GDI recently reported record first-quarter sales. The March adjusted share net number was $1.40, up 22% over last year and at the high end of its guidance. Revenues advanced 14% and a record was established for orders. The top-line gain was mostly fueled by organic growth (along with a recent acquisition of Robushi S.p.A, an Italian company). Exposure to oil & gas and infrastructure end markets proved particularly beneficial.

Stable worldwide industrial trends and the healthy order backlog provide good visibility. We think earnings will grow at a moderate pace for the remainder of 2012. Still, GDI’s pressure pump business (13% of revenue) is facing a challenging demand environment due to reduced natural gas capacity expectations, owing to recent low prices for that commodity. We expect the business to be a mild drag on earnings for the next two quarters, but probably not as severe as the currently depressed stock price would suggest.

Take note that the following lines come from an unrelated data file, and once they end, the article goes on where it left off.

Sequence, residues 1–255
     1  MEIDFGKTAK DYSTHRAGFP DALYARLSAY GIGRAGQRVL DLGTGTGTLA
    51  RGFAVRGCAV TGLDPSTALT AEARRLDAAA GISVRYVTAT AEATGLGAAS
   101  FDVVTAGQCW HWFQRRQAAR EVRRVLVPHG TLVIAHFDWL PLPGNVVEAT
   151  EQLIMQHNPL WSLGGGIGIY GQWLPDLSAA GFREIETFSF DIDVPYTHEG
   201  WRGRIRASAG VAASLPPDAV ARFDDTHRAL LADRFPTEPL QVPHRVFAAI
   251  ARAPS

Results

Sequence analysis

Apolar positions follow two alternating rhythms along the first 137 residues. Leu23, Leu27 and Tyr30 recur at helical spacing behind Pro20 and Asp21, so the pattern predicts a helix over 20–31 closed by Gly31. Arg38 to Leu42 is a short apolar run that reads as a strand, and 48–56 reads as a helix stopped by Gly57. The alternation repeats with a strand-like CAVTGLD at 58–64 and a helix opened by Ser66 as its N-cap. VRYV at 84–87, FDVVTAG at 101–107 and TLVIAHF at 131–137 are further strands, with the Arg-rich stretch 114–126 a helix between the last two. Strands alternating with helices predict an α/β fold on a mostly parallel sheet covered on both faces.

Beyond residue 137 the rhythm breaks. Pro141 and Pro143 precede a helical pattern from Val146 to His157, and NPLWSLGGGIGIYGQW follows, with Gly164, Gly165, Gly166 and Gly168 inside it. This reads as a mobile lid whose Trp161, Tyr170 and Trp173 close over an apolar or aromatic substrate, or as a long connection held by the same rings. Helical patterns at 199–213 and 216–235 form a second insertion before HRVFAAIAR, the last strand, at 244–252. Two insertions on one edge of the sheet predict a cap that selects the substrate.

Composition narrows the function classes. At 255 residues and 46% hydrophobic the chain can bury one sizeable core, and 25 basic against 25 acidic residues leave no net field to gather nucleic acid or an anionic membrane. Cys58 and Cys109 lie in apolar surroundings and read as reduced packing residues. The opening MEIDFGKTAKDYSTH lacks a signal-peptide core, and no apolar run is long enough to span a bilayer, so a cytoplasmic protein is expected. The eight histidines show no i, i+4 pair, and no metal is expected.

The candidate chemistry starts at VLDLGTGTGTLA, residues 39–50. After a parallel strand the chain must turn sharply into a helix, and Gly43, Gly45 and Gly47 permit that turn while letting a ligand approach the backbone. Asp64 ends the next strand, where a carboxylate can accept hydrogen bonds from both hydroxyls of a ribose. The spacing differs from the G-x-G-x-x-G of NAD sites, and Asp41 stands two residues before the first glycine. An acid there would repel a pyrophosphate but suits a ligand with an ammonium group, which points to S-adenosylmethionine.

Given the company’s strong market position and strengthening brand value, it should remain on top of the pile. The balance sheet is expected to remain healthy, with dividends continuing to grow. As a result, most investors, particularly those that are income-oriented, should find this stock of interest. Long-term investors should also take a look at this equity. Specifically, due to the recent price fall, it now has above-average appreciation potential over the next 3 to 5 years.

Triumph Group Inc.

Triumph Group, Inc, via its subsidiaries, designs, engineers, manufactures, repairs, and distributes aero structures, aircraft components, accessories, subassemblies, and systems. The business operates in three segments: Aero structures, Aerospace Systems, and Aftermarket Services.

The company had a bright end to calendar 2011, with a 108% year-to-year jump in the top line. In total, sales are expected to increase of about 8% in fiscal 2012 (Triumph ends its fiscal year in March). Much of the revenue increase looks to be coming from a slated ramp-up of deliveries to Boeing (BAFree Boeing Stock Report) and Airbus, for both companies’ new fuel-efficient commercial aircraft. The bottom line is also likely to rise, due to a combination of higher revenue, as well as savings from consolidated synergies related to the June 2010 acquisition of Vought (current costs savings are at $24 million, and the number is likely to rise up as the year goes on).